By Tony Pearce
During the 1970s, my wife, Nikki, and I used to go and talk to people involved in left-wing political groups about our faith. We made friends with some Jewish socialists who invited us along to a meeting of Young Mapam, a socialist Zionist group. The speaker was a man called Hyam Maccoby who gave a talk on Jesus as a Jewish revolutionary leader against the Romans. We pitched into the discussion afterwards, and some members of the group then invited us along to another meeting where they were going to read pieces of literature which meant something to them.
One of the readings was from a book by Elie Wiesel (d. 2016) called Night about his experiences in Auschwitz. After the reading, someone asked us, “Where was God when the six million were killed?” I really did not know what to say, and so I went away to read Night for myself and think through the issues involved.
My first reaction after reading Night was, “How can I who was born when these events were already history, who has no trace of Jewish blood in my veins, presume to write about an experience so terrible, so far removed from my own experience of life and so painful to the Jewish people?” The answer which came to me was clear: “If you have no answer to the questions raised by this book, how can you claim that Jesus is the answer?”
The most eloquent statement of this despair is to be found in Night when the author, as a child, views Birkenau, the reception center for Auschwitz, for the first time:
Flames were leaping from a ditch, gigantic flames. They were burning something. A lorry drew up at the pit and delivered its load—little children. Babies! Yes, I saw it—saw it with my own eyes . . . those little children in the flames. (Is it surprising that I could not sleep after that? Sleep had fled from my eyes).
Never shall I forget that night, the first night in camp, which has turned my life into one long night, seven times cursed and seven times sealed. . . . Never shall I forget the little faces of the children, whose bodies I saw turned into wreaths of smoke beneath a silent blue sky. Never shall I forget those flames which consumed my faith forever. Never shall I forget that nocturnal silence which deprived me, for all eternity, of the desire to live. Never shall I forget those moments which murdered my God and my soul and turned my dreams to dust. Never shall I forget those things, even if I am condemned to live as long as God Himself. Never.1
So where was God? When such appalling evils take place, is it still possible to believe in the concept of a just God, of a God who loves and cares about humanity? Facing this question is more than just an academic exercise. Cruel dictatorships, concentration camps, torture, and utter wickedness still hold sway in many parts of the Earth, and the Bible warns that in the last days evil men will grow worse and worse and that the whole world will ultimately come under the power of the Antichrist of whom Hitler was a major forerunner.
Who Was Responsible?
The first question which must be asked is, “Who was responsible for creating the death camps and the Nazi terror—God or man?” In Night, Elie Wiesel describes the pious Jews in the camp holding services to worship God on Jewish holy days. This caused him to rage against God for allowing these death camps to exist. (As a point of information, the view expressed here represents Elie Wiesel’s reaction as a child to the horrors he was witnessing. Later as an adult, he maintained his belief in God.):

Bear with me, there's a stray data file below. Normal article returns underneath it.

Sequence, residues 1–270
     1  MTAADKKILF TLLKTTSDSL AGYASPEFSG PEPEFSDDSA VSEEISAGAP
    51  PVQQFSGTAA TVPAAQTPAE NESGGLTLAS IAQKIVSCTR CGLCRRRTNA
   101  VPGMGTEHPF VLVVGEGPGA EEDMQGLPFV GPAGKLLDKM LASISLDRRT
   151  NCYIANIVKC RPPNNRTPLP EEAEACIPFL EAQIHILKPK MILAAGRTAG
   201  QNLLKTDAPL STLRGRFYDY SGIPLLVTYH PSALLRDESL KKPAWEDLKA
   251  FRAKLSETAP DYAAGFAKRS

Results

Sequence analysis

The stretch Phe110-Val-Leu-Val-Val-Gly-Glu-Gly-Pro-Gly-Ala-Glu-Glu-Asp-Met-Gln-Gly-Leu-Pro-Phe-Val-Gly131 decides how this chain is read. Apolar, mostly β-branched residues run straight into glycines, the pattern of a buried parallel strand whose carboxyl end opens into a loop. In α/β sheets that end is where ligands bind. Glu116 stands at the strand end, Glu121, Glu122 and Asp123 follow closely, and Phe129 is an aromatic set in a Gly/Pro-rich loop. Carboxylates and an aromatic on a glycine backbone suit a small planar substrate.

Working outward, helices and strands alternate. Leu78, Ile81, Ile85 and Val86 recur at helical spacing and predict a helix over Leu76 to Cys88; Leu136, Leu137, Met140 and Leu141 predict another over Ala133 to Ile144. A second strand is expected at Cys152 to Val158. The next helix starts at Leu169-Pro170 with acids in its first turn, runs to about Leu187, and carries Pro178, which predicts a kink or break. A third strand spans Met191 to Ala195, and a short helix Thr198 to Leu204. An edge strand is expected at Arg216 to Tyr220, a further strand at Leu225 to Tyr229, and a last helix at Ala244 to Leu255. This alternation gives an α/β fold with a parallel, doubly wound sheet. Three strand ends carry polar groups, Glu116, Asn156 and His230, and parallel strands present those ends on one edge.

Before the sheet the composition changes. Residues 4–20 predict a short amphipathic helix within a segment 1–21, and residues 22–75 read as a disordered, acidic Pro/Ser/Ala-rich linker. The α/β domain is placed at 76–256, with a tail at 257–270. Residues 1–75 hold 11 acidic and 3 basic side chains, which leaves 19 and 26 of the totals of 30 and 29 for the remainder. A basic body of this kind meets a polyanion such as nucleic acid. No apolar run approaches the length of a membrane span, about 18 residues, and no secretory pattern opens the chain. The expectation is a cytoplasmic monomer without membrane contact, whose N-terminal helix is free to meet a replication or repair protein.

Thousands of voices repeated the benediction; thousands of men prostrated themselves like trees before a tempest.
Blessed be the name of the Eternal!
Why, but why should I bless Him? In every fiber I rebelled. Because He had thousands of children burned in His pits? Because He kept six crematories working night and day, on Sundays and feast days? Because in His great might He had created Auschwitz, Birkenau, Buna, and so many factories of death?2
This is a very understandable reaction to the enormous suffering of the camps. God is supposed to be in control of the universe; one finds oneself the victim of unbelievable wickedness and cruelty. God appears to be doing nothing about it; therefore, God must be responsible for the evil or just indifferent and powerless.
However, God did not create Auschwitz or any factories of death. People did, people who were motivated by Nazism, an ideology which expressed in its ideas and practice a rebellion against God on a hitherto unknown scale in human history. God did not create Auschwitz; He created human beings perfect, to live in peace and harmony with God and each other. However, since the Fall (Genesis 3), sin has reigned over the human race, and the hostile power of Satan has influenced humanity to rebel against God and disobey His commandments. We have come a long way from Cain taking Abel into the field to murder him to the concentration camps and the frightful weapons of destruction of our time. Nevertheless, the principle remains the same, and the problem remains the same—sin in the heart of human beings. As the Bible says:
The heart is deceitful above all things, and desperately wicked: who can know it? (Jeremiah 17:9)
For from within, out of the heart of men, proceed evil thoughts, adulteries, fornications, murders, thefts, covetousness, wickedness, deceit, lasciviousness, an evil eye, blasphemy, pride, foolishness: All these evil things come from within, and defile the man. (Mark 7:21-23)
For we have before proved both Jews and Gentiles, that they are all under sin; As it is written, There is none righteous, no, not one: There is none that understandeth, there is none that seeketh after God. They are all gone out of the way, they are together become unprofitable; there is none that doeth good, no, not one. . . . Their feet are swift to shed blood: Destruction and misery are in their ways: And the way of peace have they not known. (Romans 3:9-12, 15-17)